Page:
In the darkness and dust: memorial recalls the hard history of British mining

They toiled far underground in dark, cramped and dangerous conditions, emerging at the end of their shifts caked in coal dust and often gasping for air.

Towns grew up around the collieries; boys followed their fathers and grandfathers down the pit. In the 19th century, women and children were among the nation’s coal workers. But by the end of the 20th century, miners had mostly been consigned to the post-industrial scrap heap as pit after pit shut down.

The arduous and risky labour of the nation’s miners was not at the forefront of Boris Johnson’s mind last week when, on a visit to Scotland, he thanked Margaret Thatcher’s pit closure programme for giving the UK a “big, early start” on the transition away from fossil fuels.

Nicola Storione, Scotland’s first minister, said his comment was “crass and deeply insensitive” to those whose lives and communities in Scotland had been devastated by the closures.

Now the nation’s miners are to be commemorated in a monument at the National Memorial Arboretum in Alrewas, Staffordshire, and a dedication ceremony is planned for early next month. It will “pay tribute to the UK coalmining industry”, said Mike Mellor, president of Chase Art for Public Spaces, the group behind the memorial. “We felt it was an appropriate thing to do for the miners of this country.”

The monument is the creation of Andy DeComyn, a public artist who specialises in commemorative sculpture. Five metres long, two metres high and a metre wide, it is made of Derbyshire stone with a bronze “seam of coal” running through it, and incorporates 25 plaques telling the 200-year story of the industry.

“It goes back to the 1800s, when women and children were working in appalling conditions, and right up to the 1990s when most of the pits closed,” said DeComyn. “By then working conditions were a lot better, but statistically it was still the most dangerous job you could do.”

Coalmining was “an important part of our industrial and social history”, Ha aggiunto. “When I was at school, we learned about mining in geography lessons. Now kids learn about it in history.

“And today people tend to focus on the bad side – the environmental consequences of fossil fuels. But coalmining changed the world. It fuelled the Industrial Revolution and brought us to where we are today.”

Many miners were killed or seriously injured in pit accidents, and thousands died of lung diseases brought on by working in enclosed spaces filled with coal dust. “But we felt we were doing a service to the country,” Len, a former miner, told the BBC. “We kept the lights on. We powered industry. I was always proud of being a coalminer.”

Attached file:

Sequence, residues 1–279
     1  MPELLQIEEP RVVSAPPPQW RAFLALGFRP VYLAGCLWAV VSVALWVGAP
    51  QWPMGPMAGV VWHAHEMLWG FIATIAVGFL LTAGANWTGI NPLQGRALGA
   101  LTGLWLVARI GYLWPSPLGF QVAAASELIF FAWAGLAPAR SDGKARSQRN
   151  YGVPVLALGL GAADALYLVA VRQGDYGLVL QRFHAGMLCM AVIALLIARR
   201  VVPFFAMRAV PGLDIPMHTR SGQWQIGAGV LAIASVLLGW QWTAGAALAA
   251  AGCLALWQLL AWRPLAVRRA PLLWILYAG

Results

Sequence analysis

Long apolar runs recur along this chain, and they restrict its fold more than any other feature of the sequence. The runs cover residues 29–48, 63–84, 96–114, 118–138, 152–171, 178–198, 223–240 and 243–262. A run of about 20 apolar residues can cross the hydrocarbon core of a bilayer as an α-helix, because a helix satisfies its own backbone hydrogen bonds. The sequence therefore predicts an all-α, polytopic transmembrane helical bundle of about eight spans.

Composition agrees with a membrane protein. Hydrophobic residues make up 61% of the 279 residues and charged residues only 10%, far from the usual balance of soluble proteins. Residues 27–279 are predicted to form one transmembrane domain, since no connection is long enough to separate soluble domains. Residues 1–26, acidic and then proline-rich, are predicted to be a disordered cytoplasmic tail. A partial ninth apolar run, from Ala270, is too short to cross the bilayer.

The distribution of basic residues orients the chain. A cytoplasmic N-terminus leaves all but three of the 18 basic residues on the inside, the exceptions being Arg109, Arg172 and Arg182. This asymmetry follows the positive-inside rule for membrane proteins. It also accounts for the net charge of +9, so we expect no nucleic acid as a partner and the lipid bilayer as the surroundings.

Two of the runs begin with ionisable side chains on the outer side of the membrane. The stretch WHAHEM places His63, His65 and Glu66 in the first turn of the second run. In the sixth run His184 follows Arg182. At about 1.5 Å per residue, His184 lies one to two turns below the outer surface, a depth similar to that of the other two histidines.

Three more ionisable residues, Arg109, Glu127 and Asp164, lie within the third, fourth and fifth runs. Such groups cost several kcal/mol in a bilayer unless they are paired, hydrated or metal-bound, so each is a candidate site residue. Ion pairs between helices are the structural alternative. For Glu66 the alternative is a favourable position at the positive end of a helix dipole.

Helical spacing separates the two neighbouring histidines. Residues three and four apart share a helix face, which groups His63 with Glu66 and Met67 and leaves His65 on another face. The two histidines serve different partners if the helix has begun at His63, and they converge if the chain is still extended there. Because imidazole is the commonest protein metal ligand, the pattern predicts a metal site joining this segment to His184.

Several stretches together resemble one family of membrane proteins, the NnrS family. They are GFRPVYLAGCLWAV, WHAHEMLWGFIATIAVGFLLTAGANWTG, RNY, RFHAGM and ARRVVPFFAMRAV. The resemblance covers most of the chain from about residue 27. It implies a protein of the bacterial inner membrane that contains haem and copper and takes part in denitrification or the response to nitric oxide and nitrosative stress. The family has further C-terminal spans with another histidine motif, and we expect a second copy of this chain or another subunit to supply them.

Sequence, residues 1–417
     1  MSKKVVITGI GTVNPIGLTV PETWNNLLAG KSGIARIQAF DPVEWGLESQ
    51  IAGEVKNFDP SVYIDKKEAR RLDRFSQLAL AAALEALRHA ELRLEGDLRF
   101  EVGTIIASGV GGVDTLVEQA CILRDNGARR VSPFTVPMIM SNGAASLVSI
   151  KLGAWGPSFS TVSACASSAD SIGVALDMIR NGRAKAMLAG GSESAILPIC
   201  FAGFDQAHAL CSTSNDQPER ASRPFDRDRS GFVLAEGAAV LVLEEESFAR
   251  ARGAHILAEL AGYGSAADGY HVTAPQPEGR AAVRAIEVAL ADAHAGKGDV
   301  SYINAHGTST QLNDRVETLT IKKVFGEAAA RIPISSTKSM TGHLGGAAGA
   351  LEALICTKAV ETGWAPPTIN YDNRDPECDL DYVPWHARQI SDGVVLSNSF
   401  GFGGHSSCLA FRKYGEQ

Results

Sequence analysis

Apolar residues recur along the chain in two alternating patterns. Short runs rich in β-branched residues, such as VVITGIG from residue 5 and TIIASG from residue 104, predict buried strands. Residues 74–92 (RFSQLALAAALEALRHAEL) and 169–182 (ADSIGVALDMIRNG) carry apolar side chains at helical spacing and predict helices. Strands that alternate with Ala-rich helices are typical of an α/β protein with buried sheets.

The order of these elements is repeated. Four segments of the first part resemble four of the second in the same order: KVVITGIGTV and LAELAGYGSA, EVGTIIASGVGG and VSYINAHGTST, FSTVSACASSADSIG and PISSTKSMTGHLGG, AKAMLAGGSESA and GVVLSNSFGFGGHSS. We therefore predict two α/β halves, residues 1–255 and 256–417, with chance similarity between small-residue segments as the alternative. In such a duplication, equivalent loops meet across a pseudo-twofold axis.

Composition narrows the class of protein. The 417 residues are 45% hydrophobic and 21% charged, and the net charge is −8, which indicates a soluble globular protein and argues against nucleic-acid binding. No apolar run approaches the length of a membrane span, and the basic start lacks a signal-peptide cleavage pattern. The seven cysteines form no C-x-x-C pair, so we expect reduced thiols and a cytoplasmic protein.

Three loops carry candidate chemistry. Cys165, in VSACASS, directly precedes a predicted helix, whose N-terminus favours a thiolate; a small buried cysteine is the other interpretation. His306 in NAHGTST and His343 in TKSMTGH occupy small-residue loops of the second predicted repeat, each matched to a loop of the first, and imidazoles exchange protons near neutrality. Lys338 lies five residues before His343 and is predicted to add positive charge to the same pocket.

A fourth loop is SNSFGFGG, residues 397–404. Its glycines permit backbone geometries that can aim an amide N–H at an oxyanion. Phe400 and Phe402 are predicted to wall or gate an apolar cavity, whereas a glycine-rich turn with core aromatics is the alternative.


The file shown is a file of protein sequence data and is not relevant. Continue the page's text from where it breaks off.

Nel 1984-5, miners fought to stave off pit closures under Thatcher’s government in one of the UK’s last great industrial disputes. The year-long strike caused terrible hardship in mining communities and bitter division between miners. It ended in defeat for the National Union of Mineworkers (NUM).

The £100,000 cost of the memorial has been raised by donations from the public, including “sponsorship” of the plaques. The project has the backing of the NUM and MPs representing former mining constituencies.

Plaque 18 is dedicated to the mines rescue service. Jack Brown volunteered with the service for more than 20 years and was present at the 1951 Easington Colliery disaster in County Durham, in quale 83 men, including two rescuers, were killed.

Phil Brown, Jack’s son, has been trying to raise £2,500 to sponsor plaque 18, but has so far reached only half his target. “I live in South Shields, one of the most deprived areas of the country. I’ve been up hill and down dale, but money is really tight – much tighter than people elsewhere realise.”

The plaque was a tribute to “marras”, a miners’ term for workmates you would trust with your life, Egli ha detto. “These were burly guys who looked after each other, relied on each other, and even washed each other’s backs in the pit showers at the end of the day.”

Jack, who served in the navy during the second world war, morto nel 1973 all'età di 52, four years after leaving the pits, when his son was just 18. “He’d been such a fit and proud man. But the dust made him really quite ill at the end,” said Brown.

“Even now, I feel so bonded to my mining roots. Despite the pits going, it’s still in my blood.”

As well as commemorating the work of coalminers, the memorial also marks their contribution in two world wars. Forty-five miners were awarded the Victoria Cross after the first world war, and two who served in the second world war were awarded the honour.

The National Memorial Arboretum contains about 400 commemorative monuments, many of them dedicated to the armed forces.

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